But it wasn't just money, land and minerals. There are other countries with resources and land that do not enjoy the same incomes. And there are nations with very little in the way of resources or land that are wealthy. It was other things about the British heritage that were of higher value.
It turns out that the English language is just about everyone's second language, which means even with our broad accent, we can communicate with educated people virtually everywhere and engage in commerce in most places. The common law and parliamentary democracy provide a foundation for the sorts of property rights and governance processes that are widely and rightly regarded as fundamental to building a prosperous modern economy. That property rights could become so well established in a society in which the ‘immigrants’ of 1788 had no such rights is, perhaps, an ironical outcome. And we are still coming to terms with the property rights of those descended from the inhabitants who were here before 1788.
But the point is that this heritage, so important for enterprise, is something we have in common with the UK. One has to observe as well that Britain traded with and invested in her former colonies, however imperfectly, rather than simply extracting the rents. The fact that so many prominent English-speaking former colonies are counted among the rich of the advanced world today is perhaps not entirely a coincidence (Grier 1997; Acemoglu, Johnson and Robinson 2001 and 2005).
In my own field of central banking, we have a good deal in common. The Bank of England and the Reserve Bank of Australia conduct monetary policy using the approach of a medium-term target for consumer price inflation, endorsed by government, with operational independence for the central bank, and a flexible exchange rate. We are not alone in this – there are quite a few countries that follow a version of this approach these days – but the Bank of England and the RBA were, after the central banks of Canada and New Zealand, fairly early adopters of the approach. There is a very practical level of cooperation between the two institutions, exemplified by staff exchanges as well as contact at the highest levels. I well remember a phone call from Mervyn King on the morning of 15 September 2008, to ask how our markets were absorbing the news of the Lehman failure that had been announced just after trading started. (The answer was: reasonably calmly, initially, but that subsequently changed.)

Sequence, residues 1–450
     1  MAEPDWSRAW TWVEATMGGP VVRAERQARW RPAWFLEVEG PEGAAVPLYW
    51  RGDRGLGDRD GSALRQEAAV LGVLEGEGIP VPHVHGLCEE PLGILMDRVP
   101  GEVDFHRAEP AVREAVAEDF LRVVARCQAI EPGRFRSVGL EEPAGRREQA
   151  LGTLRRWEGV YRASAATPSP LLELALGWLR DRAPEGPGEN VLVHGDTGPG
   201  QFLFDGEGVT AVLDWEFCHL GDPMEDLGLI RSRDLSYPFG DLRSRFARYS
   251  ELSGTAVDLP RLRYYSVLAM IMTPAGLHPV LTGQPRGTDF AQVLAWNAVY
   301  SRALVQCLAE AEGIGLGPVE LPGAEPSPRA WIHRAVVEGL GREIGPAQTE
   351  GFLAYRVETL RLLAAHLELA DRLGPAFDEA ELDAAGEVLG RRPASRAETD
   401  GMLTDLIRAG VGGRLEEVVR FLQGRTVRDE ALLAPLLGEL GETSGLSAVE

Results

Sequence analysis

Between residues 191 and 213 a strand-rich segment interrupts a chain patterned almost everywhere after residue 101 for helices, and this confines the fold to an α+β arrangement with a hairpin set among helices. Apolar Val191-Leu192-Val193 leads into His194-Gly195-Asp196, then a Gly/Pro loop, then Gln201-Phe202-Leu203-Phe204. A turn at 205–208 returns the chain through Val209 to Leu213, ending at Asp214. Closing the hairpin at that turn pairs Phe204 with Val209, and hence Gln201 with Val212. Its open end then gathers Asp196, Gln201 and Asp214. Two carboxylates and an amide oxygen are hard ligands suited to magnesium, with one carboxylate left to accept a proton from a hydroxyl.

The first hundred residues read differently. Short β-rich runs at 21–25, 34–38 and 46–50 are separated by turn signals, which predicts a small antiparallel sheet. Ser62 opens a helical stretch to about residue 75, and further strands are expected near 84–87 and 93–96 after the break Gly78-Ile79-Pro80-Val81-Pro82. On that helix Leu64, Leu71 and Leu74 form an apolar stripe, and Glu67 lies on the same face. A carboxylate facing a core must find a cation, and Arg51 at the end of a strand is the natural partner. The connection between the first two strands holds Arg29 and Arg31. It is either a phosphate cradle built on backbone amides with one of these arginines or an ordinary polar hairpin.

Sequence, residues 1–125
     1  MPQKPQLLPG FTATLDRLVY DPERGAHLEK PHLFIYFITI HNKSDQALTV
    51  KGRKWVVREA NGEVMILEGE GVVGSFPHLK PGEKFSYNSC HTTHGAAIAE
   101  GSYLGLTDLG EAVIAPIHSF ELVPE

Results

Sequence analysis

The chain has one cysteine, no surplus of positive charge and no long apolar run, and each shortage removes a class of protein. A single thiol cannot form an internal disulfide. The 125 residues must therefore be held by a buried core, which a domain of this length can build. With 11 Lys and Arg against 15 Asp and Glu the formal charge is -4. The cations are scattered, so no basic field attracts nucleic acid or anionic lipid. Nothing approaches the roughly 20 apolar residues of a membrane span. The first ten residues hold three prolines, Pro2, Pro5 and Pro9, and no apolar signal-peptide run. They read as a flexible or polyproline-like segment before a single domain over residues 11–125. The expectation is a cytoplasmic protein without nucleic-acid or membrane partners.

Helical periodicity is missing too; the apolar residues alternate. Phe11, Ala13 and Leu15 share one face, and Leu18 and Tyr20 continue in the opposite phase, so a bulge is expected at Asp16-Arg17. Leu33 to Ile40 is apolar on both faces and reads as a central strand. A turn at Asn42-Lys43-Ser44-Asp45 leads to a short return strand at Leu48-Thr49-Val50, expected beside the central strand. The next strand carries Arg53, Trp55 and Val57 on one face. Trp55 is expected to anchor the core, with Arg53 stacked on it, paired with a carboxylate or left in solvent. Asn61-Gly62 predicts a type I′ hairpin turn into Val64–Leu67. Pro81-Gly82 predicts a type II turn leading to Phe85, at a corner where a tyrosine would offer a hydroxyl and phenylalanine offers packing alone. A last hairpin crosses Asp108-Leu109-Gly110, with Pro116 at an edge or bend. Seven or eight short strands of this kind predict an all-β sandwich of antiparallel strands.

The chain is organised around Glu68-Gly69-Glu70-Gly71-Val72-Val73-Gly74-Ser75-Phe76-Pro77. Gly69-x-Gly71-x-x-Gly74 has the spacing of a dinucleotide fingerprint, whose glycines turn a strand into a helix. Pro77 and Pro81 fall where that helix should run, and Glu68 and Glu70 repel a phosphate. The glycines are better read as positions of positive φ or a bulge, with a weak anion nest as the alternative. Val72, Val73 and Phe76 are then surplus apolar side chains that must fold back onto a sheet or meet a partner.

In the ensuing five years, Australia and the UK have both faced the challenges arising from the global financial crisis (GFC). For various reasons the UK has had a harder time of it, with bigger problems in its banking system, which is also bigger relative to its economy, and a higher exposure to a troubled Europe, in contrast to our exposure to a resilient Asia. Hence, while Australia has experienced growth, albeit slower than average, in the years following the GFC, the UK suffered a painful and rather protracted recession. It seems of late though that there are more signs of expansion in the UK economy, which will no doubt be very much welcomed by citizens and policymakers alike.
The UK still warrants the label ‘major economy’. Its GDP is still among the top 10 in the world. Perhaps more significantly London remains easily the world's pre-eminent international financial centre. New York, being in the US, boasts bigger domestic markets of course, but London services the world. In the councils of global governance the UK holds an important position – in bodies like the IMF, the BIS, the UN and others, it holds its own seat and acts with influence. Australia, with a third the UK's population and about half its absolute GDP, as the eighteenth largest economy, and with a correspondingly more modest stature on international bodies, cannot see itself in quite the same way. We have well-developed financial markets and there are plans to develop more as a regional financial centre, but realistically Sydney will never rival London.
Nonetheless we have our contribution to make, and our UK partners have always been welcoming in hearing it. And this has to be because there is so much in common today, in the modern world. The ties that bind are not just history. They extend beyond a fascination and affection among Australians for the royal family – strong though that is – or the long-contested rivalry between ‘old enemies’ for one of the world's smallest sporting trophies.